A little-known phone monitoring app called Xnspy has stolen data from tens of thousands of iPhones and Android devices, the majority whose owners are unaware that their data has been compromised.
Xnspy is one of many so-called stalkerware apps sold under the guise of allowing a parent to monitor their child’s activities but are explicitly marketed for spying on a spouse or domestic partner’s devices without their permission. Its website boasts, “to catch a cheating spouse, you need Xnspy on your side,” and, “Xnspy makes reporting and data extraction simple for you.”
Stalkerware apps, also known as spouseware, are surreptitiously planted by someone with physical access to a person’s phone, bypassing the on-device security protections, and are designed to stay hidden from home screens, which makes them difficult to detect.
Once installed, these apps will silently and continually upload the contents of a person’s phone, including their call records, text messages, photos, browsing history and precise location data, allowing the person who planted the app near-complete access to their victim’s data.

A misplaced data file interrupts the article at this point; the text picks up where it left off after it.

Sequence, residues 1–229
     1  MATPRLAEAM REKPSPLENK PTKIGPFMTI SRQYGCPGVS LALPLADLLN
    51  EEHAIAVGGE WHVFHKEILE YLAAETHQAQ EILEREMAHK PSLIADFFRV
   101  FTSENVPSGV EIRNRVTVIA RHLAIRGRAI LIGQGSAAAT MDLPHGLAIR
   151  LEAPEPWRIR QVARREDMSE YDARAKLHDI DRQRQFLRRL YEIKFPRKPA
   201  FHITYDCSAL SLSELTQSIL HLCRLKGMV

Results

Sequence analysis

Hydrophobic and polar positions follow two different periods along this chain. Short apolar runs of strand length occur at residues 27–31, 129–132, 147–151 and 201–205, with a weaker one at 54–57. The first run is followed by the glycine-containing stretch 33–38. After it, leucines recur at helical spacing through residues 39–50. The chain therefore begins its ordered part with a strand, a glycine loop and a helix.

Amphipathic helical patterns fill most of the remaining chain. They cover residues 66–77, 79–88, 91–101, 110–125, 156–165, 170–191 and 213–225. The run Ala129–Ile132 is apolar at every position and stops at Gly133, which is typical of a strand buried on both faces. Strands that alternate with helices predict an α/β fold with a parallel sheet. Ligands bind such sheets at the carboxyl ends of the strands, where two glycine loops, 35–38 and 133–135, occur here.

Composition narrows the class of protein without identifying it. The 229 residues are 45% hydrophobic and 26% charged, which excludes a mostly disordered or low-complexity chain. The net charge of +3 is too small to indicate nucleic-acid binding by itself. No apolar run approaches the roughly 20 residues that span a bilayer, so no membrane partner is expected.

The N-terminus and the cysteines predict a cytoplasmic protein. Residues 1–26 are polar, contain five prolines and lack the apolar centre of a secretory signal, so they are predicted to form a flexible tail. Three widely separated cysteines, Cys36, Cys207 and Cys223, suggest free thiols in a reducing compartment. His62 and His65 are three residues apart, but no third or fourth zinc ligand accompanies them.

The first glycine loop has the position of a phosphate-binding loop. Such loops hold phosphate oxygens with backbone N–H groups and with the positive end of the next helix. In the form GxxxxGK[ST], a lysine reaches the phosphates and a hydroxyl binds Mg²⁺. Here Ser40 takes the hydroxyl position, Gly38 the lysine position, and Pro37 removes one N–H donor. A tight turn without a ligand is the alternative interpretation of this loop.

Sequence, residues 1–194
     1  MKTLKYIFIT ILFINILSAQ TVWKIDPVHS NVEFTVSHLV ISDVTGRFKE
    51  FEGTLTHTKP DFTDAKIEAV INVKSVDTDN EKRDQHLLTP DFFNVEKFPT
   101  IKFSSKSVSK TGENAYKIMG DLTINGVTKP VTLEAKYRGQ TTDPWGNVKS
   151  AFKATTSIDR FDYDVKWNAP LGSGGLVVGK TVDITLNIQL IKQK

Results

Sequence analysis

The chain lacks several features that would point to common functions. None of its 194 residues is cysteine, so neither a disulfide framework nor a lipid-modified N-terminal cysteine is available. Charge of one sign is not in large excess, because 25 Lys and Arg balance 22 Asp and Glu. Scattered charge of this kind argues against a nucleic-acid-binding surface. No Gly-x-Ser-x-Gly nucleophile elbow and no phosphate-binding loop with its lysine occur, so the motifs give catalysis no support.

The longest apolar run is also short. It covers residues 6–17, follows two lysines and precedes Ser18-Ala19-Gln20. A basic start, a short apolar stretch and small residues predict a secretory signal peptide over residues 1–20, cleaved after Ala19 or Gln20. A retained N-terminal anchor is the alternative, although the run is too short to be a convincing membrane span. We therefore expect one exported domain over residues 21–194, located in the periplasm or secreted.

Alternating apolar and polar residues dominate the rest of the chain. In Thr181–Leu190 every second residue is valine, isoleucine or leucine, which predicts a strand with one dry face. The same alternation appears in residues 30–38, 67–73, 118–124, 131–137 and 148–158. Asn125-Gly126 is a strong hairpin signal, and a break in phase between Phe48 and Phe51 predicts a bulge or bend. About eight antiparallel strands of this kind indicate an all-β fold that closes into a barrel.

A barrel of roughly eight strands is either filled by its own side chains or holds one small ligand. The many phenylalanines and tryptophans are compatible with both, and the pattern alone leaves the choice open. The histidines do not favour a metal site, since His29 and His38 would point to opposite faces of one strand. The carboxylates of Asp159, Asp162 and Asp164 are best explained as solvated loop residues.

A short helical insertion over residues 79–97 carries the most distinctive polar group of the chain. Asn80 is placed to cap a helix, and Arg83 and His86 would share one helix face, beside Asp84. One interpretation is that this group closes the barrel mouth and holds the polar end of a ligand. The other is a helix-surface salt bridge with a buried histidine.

But new findings show many stalkerware apps are riddled with security flaws and are exposing the data stolen from victims’ phones. Xnspy is no different.
Security researchers Vangelis Stykas and Felipe Solferini spent months decompiling several known stalkerware apps and analyzing the edges of the networks that the apps send data to. Their research, presented at BSides London this month, identified common and easy to find security flaws in several stalkerware families, including Xnspy, such as credentials and private keys left behind in the code by the developers and broken or nonexistent encryption. In some cases, the flaws are exposing the victims’ stolen data, now sitting on someone else’s insecure servers.